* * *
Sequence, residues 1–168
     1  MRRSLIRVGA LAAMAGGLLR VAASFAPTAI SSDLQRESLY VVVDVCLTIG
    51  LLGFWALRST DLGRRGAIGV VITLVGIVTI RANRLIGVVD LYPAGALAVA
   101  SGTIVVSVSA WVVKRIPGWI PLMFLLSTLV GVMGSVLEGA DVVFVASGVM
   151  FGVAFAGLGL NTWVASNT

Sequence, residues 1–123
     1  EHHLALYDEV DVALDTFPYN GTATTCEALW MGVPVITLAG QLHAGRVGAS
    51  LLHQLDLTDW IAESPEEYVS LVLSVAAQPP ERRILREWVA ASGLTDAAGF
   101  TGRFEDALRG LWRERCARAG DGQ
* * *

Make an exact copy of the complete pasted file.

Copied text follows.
Sequence, residues 1–168
     1  MRRSLIRVGA LAAMAGGLLR VAASFAPTAI SSDLQRESLY VVVDVCLTIG
    51  LLGFWALRST DLGRRGAIGV VITLVGIVTI RANRLIGVVD LYPAGALAVA
   101  SGTIVVSVSA WVVKRIPGWI PLMFLLSTLV GVMGSVLEGA DVVFVASGVM
   151  FGVAFAGLGL NTWVASNT

Sequence, residues 1–123
     1  EHHLALYDEV DVALDTFPYN GTATTCEALW MGVPVITLAG QLHAGRVGAS
    51  LLHQLDLTDW IAESPEEYVS LVLSVAAQPP ERRILREWVA ASGLTDAAGF
   101  TGRFEDALRG LWRERCARAG DGQ